by George Santayana

There may be chaos still around the world,
This little world that in my thinking lies;
For mine own bosom is the paradise
Where all my life’s fair visions are unfurled.
Within my nature’s shell I slumber curled,
Unmindful of the changing outer skies,
Where now, perchance, some new-born Eros flies,
Or some old Cronos from his throne is hurled.
I heed them not; or if the subtle night
Haunt me with deities I never saw,
I soon mine eyelid’s drowsy curtain draw
To hide their myriad faces from my sight.
They threat in vain; the whirlwind cannot awe
A happy snow-flake dancing in the flaw.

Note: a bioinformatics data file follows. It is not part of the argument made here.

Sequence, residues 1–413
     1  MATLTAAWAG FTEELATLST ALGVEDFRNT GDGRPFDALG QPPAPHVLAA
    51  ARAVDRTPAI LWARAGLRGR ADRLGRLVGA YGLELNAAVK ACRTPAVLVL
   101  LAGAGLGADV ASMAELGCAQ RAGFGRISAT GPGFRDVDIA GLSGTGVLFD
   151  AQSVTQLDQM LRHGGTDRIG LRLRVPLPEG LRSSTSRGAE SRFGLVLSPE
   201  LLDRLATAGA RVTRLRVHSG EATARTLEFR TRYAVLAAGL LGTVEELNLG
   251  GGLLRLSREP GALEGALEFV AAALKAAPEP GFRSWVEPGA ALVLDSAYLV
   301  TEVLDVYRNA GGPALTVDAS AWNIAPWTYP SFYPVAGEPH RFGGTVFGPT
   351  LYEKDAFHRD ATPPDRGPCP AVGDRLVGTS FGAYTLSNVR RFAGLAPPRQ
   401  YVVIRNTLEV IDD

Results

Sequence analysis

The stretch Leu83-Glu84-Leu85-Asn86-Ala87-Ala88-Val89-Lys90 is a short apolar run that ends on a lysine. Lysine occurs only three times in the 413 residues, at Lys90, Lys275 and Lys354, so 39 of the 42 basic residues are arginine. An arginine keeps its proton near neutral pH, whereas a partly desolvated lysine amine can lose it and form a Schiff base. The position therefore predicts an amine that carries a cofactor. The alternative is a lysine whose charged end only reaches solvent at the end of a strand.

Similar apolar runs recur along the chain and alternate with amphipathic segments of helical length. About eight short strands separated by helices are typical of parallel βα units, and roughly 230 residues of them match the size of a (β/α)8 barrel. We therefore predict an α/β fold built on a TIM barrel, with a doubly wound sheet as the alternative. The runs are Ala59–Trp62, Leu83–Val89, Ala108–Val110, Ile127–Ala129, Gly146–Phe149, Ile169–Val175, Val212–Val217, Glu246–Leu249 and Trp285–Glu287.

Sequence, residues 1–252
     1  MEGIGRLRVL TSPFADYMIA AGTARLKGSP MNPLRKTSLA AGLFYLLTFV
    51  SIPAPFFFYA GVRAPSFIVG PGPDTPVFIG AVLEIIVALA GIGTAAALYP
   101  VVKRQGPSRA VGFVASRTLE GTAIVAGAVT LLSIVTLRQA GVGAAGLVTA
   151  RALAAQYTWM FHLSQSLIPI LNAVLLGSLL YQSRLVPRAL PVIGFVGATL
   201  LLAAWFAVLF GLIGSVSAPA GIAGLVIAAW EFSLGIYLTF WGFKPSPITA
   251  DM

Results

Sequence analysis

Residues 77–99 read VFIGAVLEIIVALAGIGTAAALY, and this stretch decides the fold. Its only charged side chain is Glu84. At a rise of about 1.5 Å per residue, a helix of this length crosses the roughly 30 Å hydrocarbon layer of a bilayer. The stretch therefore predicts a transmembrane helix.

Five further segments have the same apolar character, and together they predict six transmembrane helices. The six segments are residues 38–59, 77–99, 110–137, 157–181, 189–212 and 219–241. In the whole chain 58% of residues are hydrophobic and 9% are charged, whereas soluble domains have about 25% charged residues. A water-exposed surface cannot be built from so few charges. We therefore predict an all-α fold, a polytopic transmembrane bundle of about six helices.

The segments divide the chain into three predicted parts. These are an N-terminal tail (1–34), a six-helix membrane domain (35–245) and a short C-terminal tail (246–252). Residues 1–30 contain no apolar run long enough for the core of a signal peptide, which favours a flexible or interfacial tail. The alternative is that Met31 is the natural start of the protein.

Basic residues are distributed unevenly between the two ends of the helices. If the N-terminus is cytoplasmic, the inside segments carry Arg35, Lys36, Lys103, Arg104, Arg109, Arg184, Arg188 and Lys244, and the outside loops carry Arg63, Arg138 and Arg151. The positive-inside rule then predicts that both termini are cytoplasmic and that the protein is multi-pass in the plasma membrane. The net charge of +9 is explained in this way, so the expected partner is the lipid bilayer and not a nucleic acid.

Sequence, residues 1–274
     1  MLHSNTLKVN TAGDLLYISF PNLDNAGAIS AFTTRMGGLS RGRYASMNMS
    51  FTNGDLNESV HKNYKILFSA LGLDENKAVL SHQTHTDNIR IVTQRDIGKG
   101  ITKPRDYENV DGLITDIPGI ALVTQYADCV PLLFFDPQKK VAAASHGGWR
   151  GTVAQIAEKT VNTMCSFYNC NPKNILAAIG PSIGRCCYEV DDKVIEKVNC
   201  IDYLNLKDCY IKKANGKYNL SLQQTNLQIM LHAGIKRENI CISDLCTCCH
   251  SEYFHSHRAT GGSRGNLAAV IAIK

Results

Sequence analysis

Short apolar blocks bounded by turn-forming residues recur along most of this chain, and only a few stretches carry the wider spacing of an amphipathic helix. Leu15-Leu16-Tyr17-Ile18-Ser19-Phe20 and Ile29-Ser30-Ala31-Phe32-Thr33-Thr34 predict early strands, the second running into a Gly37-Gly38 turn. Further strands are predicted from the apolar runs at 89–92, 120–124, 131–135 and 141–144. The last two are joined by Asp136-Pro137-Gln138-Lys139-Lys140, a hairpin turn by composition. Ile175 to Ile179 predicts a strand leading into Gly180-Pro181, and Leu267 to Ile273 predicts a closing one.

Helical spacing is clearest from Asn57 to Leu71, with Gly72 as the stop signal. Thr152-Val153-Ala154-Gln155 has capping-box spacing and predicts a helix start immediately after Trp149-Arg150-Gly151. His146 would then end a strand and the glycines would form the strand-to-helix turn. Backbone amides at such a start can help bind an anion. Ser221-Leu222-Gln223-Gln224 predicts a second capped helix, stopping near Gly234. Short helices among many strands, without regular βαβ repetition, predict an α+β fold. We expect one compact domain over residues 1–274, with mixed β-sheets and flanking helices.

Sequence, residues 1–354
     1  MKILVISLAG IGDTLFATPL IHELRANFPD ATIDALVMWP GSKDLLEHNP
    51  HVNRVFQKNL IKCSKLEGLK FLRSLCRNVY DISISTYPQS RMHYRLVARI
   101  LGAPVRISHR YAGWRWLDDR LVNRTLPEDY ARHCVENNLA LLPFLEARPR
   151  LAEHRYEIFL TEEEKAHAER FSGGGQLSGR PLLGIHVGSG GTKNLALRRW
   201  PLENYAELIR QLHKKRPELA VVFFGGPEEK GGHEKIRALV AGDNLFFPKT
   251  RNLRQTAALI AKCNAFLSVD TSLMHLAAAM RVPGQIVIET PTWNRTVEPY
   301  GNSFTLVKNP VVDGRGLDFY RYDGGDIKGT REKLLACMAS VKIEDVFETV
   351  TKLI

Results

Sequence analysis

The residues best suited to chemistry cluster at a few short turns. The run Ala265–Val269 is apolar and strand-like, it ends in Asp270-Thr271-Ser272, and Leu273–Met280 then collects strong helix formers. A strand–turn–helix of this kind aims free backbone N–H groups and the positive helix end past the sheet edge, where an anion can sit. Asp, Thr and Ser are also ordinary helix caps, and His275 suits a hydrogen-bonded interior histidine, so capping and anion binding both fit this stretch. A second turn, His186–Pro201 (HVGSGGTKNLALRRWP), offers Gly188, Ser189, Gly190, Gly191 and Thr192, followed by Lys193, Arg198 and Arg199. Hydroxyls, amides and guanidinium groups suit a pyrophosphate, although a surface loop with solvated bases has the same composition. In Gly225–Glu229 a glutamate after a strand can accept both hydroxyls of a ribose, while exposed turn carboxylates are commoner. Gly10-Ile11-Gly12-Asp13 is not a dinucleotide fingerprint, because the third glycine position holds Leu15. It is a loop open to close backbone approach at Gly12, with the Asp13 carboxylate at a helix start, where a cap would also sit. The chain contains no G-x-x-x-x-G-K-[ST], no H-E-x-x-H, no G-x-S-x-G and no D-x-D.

PHOTO: “Summer Snowflake” by David Forester. Prints available at


ABOUT THE AUTHOR: George Santayana (1863-1952) was a Spanish-born American philosopher who is regarded as one of the most important thinkers of the first half of the twentieth century. He was also a critic, dramatist, educator, essayist, novelist, and poet. Critics rank his philosophical work with that of John Dewey, Ralph Waldo Emerson, and William James.   After graduating from Harvard University in 1886, he continued his education in England and Germany, spending two years at a fellowship at the University of Berlin. He returned to Harvard in 1889 to complete his Ph.D. He began teaching philosophy at Harvard in 1889, and influenced students who would go on to very successful careers, including Van Wyck Brooks, T. S. Eliot, Felix Frankfurter, Robert Frost, Walter Lippman, and Gertrude Stein. He wrote most of his published works during his twenty-three year tenure on the Harvard faculty.